The Amish believe and hope they are destined for heaven. But they do not presume automatic or easy access to salvation. The Amish are wary of spiritual arrogance and believe one’s eternal destination depends on:

  • God’s mercy and grace.
  • Having a repentant heart and living a Christian life.
  • Not becoming complacent or entitled about one’s salvation.

So while heaven is their goal, the Amish are hesitant to make definitive claims about who will or won’t enter heaven. They instead live focused on faithfulness and obedience each day, trusting God for the final outcome after death.

How do the Amish grieve death?

Despite their hope in eternal life, the Amish still deeply feel the pain and loss of death. They grieve the departure of loved ones much like any family would:

  • Tears and sorrow are expressed leading up to and during Amish funerals.
  • Black is worn by the spouse, children and parents of the deceased as a sign of mourning.
  • Funeral services emphasize resurrection hope while also allowing time for emotional grieving.
  • Community members provide meals and help with chores for the grieving family.
  • Grief takes time, but the Amish encourage each other to look to the future with courage and faith.

The Amish balance the mourning typical of death with their Christian hope in reuniting one day in heaven. This brings comfort during the pain of loss.

How do Amish teachings on the afterlife shape their communities?

The Amish beliefs about salvation, judgment and eternity exert a strong influence on how they live life in their communities:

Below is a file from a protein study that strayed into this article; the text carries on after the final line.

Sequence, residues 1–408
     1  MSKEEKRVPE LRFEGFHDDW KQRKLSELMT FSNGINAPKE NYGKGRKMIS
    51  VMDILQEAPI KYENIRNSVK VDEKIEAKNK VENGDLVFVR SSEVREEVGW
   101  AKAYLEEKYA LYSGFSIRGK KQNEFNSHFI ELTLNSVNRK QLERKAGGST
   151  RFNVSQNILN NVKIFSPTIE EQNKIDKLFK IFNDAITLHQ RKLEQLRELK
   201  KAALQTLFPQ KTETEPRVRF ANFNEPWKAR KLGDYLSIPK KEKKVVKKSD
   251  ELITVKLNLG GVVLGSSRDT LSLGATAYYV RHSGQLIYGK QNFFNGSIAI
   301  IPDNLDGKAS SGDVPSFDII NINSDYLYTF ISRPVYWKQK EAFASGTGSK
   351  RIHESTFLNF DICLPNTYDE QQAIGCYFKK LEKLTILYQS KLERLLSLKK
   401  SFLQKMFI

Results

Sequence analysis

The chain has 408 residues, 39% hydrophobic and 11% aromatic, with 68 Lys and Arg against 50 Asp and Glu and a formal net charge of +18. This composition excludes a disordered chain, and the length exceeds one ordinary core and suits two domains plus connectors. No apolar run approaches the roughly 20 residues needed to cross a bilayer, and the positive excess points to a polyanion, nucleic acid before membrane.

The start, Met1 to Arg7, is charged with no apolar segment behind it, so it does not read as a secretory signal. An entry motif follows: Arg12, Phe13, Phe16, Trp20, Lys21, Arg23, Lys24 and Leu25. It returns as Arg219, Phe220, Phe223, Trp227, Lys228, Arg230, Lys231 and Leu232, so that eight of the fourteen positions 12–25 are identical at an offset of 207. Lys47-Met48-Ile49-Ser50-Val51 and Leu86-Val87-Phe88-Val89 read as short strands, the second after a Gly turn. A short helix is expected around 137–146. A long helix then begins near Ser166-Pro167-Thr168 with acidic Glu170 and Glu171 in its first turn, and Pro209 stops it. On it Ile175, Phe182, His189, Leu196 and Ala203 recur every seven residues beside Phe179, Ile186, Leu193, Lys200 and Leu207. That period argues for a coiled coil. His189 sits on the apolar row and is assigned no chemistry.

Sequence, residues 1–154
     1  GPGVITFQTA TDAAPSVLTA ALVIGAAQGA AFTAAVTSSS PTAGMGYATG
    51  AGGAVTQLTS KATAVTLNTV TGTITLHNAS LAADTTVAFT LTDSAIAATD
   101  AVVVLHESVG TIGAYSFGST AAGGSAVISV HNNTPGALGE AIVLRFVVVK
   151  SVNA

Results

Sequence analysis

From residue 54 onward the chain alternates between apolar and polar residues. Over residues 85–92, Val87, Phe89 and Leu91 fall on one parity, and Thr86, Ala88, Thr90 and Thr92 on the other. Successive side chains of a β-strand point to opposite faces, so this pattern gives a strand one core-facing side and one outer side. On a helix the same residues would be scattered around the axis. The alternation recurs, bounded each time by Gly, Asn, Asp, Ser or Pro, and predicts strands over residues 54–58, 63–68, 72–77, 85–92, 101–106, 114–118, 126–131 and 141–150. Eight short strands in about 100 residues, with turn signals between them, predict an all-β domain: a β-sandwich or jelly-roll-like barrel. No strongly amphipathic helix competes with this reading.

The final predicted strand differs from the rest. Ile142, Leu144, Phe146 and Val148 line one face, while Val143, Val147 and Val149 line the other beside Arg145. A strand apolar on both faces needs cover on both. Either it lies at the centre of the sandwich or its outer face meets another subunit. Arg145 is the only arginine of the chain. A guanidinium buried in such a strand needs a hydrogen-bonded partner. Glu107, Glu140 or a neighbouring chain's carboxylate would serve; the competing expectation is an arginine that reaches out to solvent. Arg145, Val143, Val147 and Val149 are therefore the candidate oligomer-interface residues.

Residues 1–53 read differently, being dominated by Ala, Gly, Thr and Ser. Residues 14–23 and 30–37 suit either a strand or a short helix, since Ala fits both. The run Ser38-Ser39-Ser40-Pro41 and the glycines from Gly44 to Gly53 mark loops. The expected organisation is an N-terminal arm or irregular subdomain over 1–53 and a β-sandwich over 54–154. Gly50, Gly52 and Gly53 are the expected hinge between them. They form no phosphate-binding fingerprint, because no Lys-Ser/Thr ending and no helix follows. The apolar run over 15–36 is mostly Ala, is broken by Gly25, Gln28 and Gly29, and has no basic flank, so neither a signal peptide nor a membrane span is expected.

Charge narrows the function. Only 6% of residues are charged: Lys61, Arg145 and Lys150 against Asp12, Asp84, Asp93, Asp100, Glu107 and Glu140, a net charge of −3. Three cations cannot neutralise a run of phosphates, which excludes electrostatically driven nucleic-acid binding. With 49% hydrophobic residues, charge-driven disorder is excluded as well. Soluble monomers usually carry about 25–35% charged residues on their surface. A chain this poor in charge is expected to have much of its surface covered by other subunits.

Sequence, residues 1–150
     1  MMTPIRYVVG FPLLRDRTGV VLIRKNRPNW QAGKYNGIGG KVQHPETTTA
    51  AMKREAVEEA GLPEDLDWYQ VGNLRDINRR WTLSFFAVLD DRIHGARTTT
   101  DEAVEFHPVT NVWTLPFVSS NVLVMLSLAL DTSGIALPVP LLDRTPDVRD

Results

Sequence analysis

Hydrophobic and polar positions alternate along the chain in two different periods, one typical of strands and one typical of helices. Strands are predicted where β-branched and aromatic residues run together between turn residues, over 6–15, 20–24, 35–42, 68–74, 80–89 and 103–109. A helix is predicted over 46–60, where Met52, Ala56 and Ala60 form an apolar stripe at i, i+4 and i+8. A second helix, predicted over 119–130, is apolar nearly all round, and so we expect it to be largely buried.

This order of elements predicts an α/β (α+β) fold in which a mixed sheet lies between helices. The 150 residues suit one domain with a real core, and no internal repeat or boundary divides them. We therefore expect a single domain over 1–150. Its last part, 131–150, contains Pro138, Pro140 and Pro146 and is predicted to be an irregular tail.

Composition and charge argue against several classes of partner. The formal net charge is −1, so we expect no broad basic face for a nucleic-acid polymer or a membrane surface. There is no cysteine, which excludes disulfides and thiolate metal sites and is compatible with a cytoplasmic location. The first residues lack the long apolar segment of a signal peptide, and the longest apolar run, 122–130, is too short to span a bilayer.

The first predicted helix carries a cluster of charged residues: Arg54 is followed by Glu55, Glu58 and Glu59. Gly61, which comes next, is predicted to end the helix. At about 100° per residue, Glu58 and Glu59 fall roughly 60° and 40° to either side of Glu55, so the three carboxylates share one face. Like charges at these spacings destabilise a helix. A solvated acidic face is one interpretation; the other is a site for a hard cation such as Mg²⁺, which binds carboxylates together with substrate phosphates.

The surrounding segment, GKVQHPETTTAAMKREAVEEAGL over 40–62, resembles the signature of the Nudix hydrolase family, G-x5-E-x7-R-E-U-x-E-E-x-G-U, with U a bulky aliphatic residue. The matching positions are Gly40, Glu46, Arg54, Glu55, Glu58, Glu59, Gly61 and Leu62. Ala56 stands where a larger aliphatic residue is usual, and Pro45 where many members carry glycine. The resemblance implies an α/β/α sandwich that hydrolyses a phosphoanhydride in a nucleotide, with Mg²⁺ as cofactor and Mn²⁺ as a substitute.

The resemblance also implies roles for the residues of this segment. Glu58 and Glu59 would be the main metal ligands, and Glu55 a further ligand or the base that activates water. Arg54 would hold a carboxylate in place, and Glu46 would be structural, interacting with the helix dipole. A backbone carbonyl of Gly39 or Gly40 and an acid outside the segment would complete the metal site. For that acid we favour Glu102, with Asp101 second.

• It motivates moral uprightness, repentance and spiritual humility.
  • Their focus is on faithfulness each day more than the afterlife specifically.
  • The comparative silence about heaven encourages living well now instead of later.
  • It fosters an attitude of trust in God’s grace rather than human wisdom about the afterlife.
  • There is less fear of death itself knowing eternal life awaits.
  • It supports enduring hardship and simplicity, as life on earth is temporary.

In these ways the Amish afterlife beliefs shape their devotion to family, community, and spiritual life in the present world.

Key similarities and differences with other Christian views

The Amish beliefs about the afterlife align with mainstream Christianity in many ways. For example:

  • Belief in heaven as eternal life with God for the saved.
  • Belief in hell as the destination for those who reject Christ.
  • Emphasis on salvation by grace rather than good works.
  • View of life on earth as preparation for eternity.

However, there are some differences as well:

  • Most Christian groups believe in an immortal soul, while Amish believe the soul “sleeps” between death and Judgment Day.
  • Many Christians actively seek to understand heaven and hell, while the Amish avoid speculation.
  • The Amish take a firmer stance against cremation and speaking to the dead through mediums.
  • Amish focus less on sharing the specifics of salvation with outsiders.

So Amish beliefs have much in common with Christians from other denominations but maintain some distinct emphases and practices.


The Amish have well-defined teachings about the afterlife grounded in their Christian faith. They believe in heaven and hell, dismiss purgatory, avoid contact with the dead, maintain simple burial practices, and see life as preparation for eternity after Judgment Day. While the Amish hope in heaven and express grief at death, they focus much more on faithful living each day on earth. Their views on eternity exert an important influence on Amish spirituality, ethics and community life.